Trained as a photoengraver, Soudry’s work is aimed towards the “photography of matter, surface effects, [and] transparency” (Source). He is interested in shifting outlines and fluid dynamics, combining the fixed nature of the image with figures of immateriality and transience. Volutes captures beauty, mysticism (and indeed, a dark sentience) where otherwise there would just be a thin haze. In this way, Soudry fosters an awareness and appreciation for the beauty and forms that occur on the periphery of materiality and awareness.
If her voluptuous women with their cartoon eyes weren’t enough, Lisa Yushavage captured my soul by saying:
“As an artist you’re supposed to spend your life doing something that’d be an utter waste of time for anyone else. And even so, there’s no proof you’re not wasting your life making some total crap.” (Source)
Using her exceptional skill in oil paints to create hyper-hued landscapes with ripe, almost blowsy, nudes is clearly not making crap. With a career that started in the mid 1990s, her work has been the subject of solo exhibitions at prominent institutions, including the Museo Tamayo Arte Contemporáneo, Mexico City; Royal Academy of Arts, London; and the Institute of Contemporary Art, Philadelphia.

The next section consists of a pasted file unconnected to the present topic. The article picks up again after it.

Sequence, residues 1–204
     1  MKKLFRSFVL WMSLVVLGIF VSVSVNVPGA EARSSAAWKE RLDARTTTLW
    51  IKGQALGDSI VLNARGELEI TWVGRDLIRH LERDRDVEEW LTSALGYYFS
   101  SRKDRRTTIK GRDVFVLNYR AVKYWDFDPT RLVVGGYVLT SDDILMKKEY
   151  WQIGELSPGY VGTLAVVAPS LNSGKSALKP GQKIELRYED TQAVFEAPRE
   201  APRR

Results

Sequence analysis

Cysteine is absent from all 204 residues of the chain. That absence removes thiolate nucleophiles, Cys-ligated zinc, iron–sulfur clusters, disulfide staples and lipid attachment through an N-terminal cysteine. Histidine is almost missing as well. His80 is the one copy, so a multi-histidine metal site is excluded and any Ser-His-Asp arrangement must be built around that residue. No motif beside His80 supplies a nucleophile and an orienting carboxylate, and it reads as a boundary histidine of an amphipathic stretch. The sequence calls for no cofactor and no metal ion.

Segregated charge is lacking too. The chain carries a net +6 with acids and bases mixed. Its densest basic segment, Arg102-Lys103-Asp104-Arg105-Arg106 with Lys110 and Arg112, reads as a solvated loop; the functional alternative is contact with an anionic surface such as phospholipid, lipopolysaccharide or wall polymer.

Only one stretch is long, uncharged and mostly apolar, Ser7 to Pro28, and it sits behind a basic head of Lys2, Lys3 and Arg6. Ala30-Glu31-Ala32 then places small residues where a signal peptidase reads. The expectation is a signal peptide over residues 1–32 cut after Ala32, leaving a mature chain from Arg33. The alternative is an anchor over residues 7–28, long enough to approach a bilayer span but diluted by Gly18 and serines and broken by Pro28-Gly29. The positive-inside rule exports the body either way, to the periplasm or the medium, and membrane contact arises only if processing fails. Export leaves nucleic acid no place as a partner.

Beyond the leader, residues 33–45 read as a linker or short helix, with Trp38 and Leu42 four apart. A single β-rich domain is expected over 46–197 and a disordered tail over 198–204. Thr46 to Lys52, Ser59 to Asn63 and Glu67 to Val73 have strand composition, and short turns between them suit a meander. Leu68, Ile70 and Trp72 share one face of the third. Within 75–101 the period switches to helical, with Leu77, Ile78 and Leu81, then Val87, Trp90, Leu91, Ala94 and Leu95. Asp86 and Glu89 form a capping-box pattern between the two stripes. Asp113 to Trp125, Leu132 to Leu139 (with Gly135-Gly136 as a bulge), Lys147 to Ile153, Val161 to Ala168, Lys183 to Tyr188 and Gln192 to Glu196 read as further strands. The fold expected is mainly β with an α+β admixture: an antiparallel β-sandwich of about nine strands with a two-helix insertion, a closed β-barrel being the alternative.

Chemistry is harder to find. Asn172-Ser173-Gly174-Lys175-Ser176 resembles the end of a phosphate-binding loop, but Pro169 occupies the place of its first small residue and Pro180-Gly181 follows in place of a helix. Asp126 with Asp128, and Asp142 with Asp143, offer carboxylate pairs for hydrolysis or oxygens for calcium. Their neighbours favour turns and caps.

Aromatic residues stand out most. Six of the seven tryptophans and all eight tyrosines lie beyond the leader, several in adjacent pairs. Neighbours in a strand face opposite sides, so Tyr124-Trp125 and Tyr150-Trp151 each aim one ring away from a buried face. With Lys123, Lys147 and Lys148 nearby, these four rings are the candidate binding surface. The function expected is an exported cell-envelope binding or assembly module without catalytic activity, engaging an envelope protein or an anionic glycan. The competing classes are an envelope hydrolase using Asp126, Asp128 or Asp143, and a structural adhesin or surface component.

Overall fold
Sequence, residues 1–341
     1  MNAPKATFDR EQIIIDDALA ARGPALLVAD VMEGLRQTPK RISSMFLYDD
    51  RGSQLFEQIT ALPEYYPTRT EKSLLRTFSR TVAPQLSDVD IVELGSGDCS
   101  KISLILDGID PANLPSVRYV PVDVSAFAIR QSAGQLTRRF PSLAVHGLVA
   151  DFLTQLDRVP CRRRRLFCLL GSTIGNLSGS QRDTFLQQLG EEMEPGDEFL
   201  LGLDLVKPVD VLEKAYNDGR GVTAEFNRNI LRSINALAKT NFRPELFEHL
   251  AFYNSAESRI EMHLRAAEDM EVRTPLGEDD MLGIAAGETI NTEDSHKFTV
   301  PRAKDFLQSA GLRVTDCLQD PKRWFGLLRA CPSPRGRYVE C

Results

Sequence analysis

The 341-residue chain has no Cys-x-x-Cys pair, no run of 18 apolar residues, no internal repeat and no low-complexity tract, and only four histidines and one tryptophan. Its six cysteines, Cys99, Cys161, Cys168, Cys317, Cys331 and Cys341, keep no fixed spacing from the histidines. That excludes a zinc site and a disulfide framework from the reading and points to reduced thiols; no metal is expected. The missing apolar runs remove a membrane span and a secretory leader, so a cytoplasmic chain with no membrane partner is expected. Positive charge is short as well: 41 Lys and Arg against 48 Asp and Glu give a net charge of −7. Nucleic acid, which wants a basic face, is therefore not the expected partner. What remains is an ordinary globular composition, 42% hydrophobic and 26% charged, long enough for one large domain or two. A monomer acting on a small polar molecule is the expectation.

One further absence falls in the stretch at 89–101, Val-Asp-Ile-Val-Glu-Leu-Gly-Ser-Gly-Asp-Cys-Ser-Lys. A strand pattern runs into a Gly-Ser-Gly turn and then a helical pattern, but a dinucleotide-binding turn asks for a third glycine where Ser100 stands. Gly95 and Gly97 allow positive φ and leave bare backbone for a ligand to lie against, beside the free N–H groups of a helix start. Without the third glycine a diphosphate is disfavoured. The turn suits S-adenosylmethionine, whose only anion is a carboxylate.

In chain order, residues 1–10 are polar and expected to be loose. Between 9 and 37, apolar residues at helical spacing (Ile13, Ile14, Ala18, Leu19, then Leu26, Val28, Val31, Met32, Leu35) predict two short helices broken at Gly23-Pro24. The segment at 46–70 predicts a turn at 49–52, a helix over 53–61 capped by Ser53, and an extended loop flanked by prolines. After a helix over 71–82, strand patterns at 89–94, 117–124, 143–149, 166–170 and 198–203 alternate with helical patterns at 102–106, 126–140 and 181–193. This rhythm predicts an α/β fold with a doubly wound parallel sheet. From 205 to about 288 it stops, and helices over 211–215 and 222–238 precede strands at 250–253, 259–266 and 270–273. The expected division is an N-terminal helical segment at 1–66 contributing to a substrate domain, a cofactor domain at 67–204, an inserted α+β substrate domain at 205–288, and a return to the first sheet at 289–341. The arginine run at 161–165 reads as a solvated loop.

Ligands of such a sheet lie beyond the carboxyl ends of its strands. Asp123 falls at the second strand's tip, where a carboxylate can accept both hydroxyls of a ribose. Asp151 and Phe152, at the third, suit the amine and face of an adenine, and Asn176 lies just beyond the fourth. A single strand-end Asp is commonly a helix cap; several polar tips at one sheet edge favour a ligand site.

“I don’t want my pictures to be up to any good. I like the idea that they’re troublemakers. So if I’m told they’re bad for the world, it pleases me. I don’t want to make something that’s an antidote. I want to pose questions. That’s what I do. I suppose I strive to bother people and be loved for it. That’s the dream.” (Source)
These are erotic pictures of women, painted by a woman. Rather than the patriarchal view of sexual woman as object, these women are sexual for themselves. Sometimes kinky, often controversial, these paintings have been compared to soft-core porn. It’s intended as an insult, but it’s actually a reclaiming of power and the ability to depict women in all their forms. “It’s not about being well behaved,” Yaskavage says. “It’s not about behaving for others.”
The essence of female power is not that women must be desexed, it’s that women can decide how they want to be seen—sexy, silly, powerful, maternal, erotic, masculine, intelligent, profound—any combination of these, and much more. Yaskavage’s women are the creatures of her mind, brought to life through her skill with a paintbrush, and behaving in exactly the way they’re meant to in the worlds she’s created.